Patriarch Youssef


10 5 2012

“We were praying in the cathedral chapel when a strong explosion shattered all the windows. The walls of the nave shuddered as if jolted by a sudden gust of wind; we thought it might be an earthquake.” H.B. Gregorios III Laham, Melkite Greek Catholic Patriarch of Antioch and All the East is still incredulous, while describing to MISNA the moments of terror that accompanied the double bombing of the Syrian capital this morning. The Cathedral of Bab Sharqi, at the end of the `Via Recta' that leads to the Chapel of Ananias (a Christian martyr who enabled Saint Paul to recover his sight), is perhaps some two or three kilometres from the site of the explosion which up to now, according to a provisional estimate, has killed at least 55 and injured another 300.

“The television showed images of a huge crater, cars and buildings shattered, blood everywhere. The minibus bringing the children to our school had come that way barely 10 minutes before. It is a miracle that they were not involved,” explains the cleric, President of the Assembly of the Catholic Hierarchy in Syria, condemning “an act of cruelty without precedent in Syria, which has shown the true face of the forces at work behind this absurd propaganda war.” The Patriarch’s voice, shaking with emotion on the day of the worst attack in the country’s recent history, is also raised against the world that “is not listening to the Syrian people’s cries of distress.”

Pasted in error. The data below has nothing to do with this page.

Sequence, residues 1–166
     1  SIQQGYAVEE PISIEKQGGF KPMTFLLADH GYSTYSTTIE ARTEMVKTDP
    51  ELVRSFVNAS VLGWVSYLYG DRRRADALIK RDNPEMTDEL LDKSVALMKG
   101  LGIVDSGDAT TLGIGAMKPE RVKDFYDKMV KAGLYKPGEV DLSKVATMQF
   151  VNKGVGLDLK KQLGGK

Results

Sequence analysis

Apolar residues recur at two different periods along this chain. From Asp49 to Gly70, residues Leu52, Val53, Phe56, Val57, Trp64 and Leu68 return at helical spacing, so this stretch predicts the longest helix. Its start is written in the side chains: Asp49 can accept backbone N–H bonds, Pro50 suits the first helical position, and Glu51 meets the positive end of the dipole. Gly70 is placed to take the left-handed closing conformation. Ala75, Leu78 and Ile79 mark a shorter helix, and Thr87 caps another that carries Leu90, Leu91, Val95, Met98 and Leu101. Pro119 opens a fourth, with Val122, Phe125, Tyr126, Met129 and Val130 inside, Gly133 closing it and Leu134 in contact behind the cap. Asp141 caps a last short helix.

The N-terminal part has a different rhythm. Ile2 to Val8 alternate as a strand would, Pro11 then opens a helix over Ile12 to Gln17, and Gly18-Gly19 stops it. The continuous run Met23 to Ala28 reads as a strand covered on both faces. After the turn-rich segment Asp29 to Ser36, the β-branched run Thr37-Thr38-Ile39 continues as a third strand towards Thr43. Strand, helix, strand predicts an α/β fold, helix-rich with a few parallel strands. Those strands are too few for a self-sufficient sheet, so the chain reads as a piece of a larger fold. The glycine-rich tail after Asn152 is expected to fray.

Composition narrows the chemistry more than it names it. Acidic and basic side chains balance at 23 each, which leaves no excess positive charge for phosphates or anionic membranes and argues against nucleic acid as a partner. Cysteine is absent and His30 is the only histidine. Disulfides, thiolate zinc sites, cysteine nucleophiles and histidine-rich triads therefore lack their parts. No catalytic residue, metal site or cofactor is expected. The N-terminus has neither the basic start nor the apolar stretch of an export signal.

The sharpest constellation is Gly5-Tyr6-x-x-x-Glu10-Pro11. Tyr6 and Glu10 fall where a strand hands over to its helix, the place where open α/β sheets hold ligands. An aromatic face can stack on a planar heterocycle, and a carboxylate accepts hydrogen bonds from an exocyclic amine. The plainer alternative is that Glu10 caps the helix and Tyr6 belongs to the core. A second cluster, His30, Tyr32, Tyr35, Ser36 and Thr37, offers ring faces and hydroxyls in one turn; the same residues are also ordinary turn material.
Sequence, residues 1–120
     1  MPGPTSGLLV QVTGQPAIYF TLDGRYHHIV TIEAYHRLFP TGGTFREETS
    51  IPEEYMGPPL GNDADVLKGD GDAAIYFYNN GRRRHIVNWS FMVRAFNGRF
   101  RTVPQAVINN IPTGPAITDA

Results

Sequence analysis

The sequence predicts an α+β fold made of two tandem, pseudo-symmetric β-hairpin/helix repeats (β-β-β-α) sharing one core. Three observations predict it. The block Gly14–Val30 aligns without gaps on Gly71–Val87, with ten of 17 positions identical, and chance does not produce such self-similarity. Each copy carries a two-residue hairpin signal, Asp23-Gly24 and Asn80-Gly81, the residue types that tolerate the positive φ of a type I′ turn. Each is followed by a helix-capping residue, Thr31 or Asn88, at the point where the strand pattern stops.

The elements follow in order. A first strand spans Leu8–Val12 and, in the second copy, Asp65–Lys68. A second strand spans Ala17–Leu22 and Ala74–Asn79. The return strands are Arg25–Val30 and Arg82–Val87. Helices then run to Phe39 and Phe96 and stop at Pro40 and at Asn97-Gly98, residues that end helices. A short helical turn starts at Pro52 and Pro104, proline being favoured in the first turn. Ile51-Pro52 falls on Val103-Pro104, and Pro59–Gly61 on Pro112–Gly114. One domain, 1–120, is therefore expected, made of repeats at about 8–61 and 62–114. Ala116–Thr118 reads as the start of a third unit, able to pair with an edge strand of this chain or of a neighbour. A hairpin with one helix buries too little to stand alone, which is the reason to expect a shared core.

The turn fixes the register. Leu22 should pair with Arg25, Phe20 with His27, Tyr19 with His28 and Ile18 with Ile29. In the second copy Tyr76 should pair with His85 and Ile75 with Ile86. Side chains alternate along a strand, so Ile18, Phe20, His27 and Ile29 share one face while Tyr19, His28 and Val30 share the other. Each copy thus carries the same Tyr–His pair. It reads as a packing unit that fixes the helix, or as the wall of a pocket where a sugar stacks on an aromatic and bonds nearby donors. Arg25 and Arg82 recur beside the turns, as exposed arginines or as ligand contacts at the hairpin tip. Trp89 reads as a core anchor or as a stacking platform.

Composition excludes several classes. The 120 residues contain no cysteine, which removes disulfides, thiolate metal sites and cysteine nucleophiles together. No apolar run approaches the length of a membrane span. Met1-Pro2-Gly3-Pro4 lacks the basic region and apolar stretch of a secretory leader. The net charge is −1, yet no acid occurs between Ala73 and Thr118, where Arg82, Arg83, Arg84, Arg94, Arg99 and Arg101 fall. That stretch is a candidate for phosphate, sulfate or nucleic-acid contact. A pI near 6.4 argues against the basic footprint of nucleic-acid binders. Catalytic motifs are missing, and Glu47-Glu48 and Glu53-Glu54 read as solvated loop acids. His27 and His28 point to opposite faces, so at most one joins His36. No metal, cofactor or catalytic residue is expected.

As in neighbouring Palestine, “even in this hitherto untouched corner of the Holy Land, there now runs the blood of innocent people,” warns the Patriarch, noting that “for 63 years now, the Holy Land has been waiting for peace, amid the silence and indifference of the world, which so far has only proffered empty words.” The time has come “to have done with parodies of a two-faced policy, whose broken promises and shameful interests burn like salt on the open wounds of an entire region of the world,” emphasises Patriarch Gregorios III, controversially wondering, “what would happen if, instead of in Syrian Damascus, an attack like this had occurred in Tel Aviv or Jerusalem?

“The world cannot allow hatred and war to engulf the Middle East in a bottomless pit. It’s time to say enough is enough.”